- About Scala
- In the Enterprise
- Scala Community
- Language Research
- In the Press
- The Scala Team
- Scala's Prehistory
- Contact Us
- Learning Scala
- Tour of Scala
- Scala API
- Setup & Getting Started
- Programming Guides
- Other Guides
- Code Examples
- Scala Developers
Novell Pulse - Lift at heart
Created by bagwell on 2010-06-09. Updated: 2010-06-09, 07:07
Novell has just announced Pulse, an exciting and much anticipated cloud-based, real-time collaboration platform for the enterprise. It provides a collaboration environment that is secure and draws on the best of instant messaging, document sharing, social connections, real-time co-editing and enterprise controls. At Pulses heart beats Lift 1.0, a Scala based WebFramework that has been used to provide all of the web services for the project.
You can enjoy a very professional Pulse demo given at Novell BrainShare 2010 or learn more about the product and service on the Pulse web pages or follow an introductory series of videos on YouTube: Pulse1, Pulse2, Pulse3, Pulse4 and Pulse5
Daniel Spiewak,Developer and member of the "breakout" team that developed Pulse, talks about the project.
"The great Lift Comet support made the architecture decisions much easier. We had already made extensive use of Comet so Lift's fit was a real benefit. The entire front end, the web application, was written in Scala. Most of the back end is Java, though we do use Scala code to handle really complex functions, like rendering the Google Wave content schema into XHTML. There are some administrative tools still written in C#. Numerous backend services, all hang off of RabbitMQ and push data around through several asynchronous channels. It can all get quite busy!
The front end application fits really nicely into this ecosystem, primarily because of its intense reliance on actors. The entire front end is highly asynchronous, spending most of its time passing actor messages around from point A to point B.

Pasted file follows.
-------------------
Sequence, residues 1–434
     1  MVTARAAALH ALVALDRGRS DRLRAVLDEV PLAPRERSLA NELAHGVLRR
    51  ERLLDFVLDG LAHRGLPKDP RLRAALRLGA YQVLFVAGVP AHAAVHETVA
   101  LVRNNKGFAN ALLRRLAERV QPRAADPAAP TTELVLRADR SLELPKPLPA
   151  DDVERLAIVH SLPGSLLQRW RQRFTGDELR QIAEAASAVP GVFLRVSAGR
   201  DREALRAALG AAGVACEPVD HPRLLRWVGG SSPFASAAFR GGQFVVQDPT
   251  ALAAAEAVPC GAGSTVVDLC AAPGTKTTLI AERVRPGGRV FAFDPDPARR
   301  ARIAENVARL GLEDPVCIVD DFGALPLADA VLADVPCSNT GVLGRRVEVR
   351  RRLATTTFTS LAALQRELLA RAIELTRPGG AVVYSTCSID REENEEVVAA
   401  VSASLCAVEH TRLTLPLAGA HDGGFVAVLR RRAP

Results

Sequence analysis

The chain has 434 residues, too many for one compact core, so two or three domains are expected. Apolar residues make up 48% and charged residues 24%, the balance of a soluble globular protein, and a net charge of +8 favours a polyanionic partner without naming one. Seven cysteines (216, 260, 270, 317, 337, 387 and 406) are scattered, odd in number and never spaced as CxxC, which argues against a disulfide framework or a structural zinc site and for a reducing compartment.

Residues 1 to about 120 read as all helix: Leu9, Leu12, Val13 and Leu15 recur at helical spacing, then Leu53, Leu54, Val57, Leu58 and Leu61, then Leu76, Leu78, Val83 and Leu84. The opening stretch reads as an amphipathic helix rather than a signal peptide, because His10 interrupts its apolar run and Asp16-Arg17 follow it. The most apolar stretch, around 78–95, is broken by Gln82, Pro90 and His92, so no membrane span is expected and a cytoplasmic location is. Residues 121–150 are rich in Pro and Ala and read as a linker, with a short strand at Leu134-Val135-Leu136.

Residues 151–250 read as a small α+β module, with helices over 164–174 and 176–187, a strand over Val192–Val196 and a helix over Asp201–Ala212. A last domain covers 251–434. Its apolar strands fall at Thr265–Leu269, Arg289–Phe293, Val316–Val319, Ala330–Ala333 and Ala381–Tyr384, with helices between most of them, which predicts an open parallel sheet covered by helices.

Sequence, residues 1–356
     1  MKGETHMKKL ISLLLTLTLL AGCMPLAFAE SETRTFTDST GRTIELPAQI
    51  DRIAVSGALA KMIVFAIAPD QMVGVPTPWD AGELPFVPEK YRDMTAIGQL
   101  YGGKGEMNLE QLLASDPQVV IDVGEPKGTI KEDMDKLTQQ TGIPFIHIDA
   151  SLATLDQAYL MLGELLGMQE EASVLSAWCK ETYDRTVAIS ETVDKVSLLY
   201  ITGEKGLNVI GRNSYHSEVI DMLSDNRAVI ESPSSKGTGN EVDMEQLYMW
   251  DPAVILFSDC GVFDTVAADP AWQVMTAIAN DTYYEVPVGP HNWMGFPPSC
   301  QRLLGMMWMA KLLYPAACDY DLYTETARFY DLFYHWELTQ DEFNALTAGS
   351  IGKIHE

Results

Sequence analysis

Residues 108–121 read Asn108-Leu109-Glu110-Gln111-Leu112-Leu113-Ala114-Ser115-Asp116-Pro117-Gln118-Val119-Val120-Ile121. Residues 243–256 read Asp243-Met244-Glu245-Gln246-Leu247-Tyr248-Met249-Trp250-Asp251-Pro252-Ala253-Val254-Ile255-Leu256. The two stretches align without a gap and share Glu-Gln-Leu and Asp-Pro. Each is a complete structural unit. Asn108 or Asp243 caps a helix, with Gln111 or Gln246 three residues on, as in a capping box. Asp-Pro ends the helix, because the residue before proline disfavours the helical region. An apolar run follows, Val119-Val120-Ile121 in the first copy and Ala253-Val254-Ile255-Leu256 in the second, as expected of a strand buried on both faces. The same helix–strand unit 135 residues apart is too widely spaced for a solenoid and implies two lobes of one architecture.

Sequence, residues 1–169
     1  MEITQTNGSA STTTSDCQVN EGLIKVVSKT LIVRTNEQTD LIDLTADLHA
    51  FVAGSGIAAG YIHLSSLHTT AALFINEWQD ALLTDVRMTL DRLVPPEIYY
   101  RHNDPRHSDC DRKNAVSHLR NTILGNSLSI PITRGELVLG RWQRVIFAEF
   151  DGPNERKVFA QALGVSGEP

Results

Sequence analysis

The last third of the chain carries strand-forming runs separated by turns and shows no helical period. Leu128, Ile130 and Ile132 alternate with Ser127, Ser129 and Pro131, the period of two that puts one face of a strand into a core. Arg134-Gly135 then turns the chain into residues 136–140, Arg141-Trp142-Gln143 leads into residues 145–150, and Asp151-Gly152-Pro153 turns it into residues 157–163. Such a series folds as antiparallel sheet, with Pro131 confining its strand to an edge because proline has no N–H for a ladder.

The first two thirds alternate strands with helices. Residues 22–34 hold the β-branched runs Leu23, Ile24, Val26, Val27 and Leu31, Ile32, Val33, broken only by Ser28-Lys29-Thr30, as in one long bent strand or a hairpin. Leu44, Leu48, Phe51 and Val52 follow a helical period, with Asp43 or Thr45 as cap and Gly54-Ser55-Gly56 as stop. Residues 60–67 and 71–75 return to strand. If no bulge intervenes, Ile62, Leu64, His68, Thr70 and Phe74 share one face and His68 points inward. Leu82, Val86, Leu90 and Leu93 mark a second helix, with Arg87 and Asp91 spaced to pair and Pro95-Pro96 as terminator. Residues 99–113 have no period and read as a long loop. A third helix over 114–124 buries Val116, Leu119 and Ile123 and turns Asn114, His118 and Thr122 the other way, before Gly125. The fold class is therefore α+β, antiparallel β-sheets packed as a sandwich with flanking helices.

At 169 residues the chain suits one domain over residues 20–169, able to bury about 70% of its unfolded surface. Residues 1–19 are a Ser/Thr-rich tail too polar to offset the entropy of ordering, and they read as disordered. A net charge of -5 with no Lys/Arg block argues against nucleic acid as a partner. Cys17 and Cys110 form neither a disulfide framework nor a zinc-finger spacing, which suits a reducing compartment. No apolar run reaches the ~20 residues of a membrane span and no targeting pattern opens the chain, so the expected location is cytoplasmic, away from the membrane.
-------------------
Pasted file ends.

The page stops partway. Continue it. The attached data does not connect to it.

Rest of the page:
It felt good to see all the pieces come together and just do the job rather well.
We've become somewhat disillusioned with traditional concurrency control mechanisms, and so while we certainly could work with locks and mutexes, it's so much easier just to send async messages. However, there are still several areas where actors do not seem a good solution, the in-memory message cache for example. In these cases, we generally use(and possibly abuse) the java.util.concurrent data structures. We would certainly appreciate seeing a Scala STM to more soundly deal with this type of problem.
We use a patched version of Lift 1.0 due to the fact that later versions in the 1.0.x stream trigger a very intermittent bug in our application's session management, and it was easier to just fork our own version of Lift rather than spend any more time trying to isolate the issue. Dave Pollak, the originator of Lift, has been extremely helpful and we look forward to upgrading to the new features in Lift 2.0 and Scala 2.8 sometime in the near future.
The tooling support (or lack thereof) has certainly been a challenge, but not an insurmountable one. Our team is split roughly 50/50 between the Scala Eclipse IDE (version 2.7.7) and the Scala module for NetBeans. Neither tool was particularly solid at that point, but with enough experience, it was possible to massage them into behaving appropriately. The most important thing is that they both provide debugging support, which I believe is crucial to developing a non-trivial application in Scala. The tool scene is not all darkness and rainclouds though, embedded Jetty works flawlessly with Scala and Lift, and ZeroTurnaround's free JRebel license for Scala developers has saved us cumulative weeks in our development cycle.
Overall, both Scala and Lift have provided a great experience for us. It did take some time for our team of former Java developers to get up to speed with the language and its idioms (a process which led to the first drafting of the Scala Style Guide), but things are flowing along quite smoothly now. Scala is certainly a more powerful language than Java, but its learning curve really isn't any steeper than your average scripting language. Given enough patience and persistence, I would expect any team of competent developers should be able to get completely up to speed with the language in a month or two. There is that initial hurdle, but the benefits are staggering once it is overcome. Expressive, functional code, the cake pattern, built-in XML support, monads, the list just goes on. These features (and more!) have saved us countless man-hours working on Pulse and allowed us to deliver a product into production much sooner than I ever would have imagined."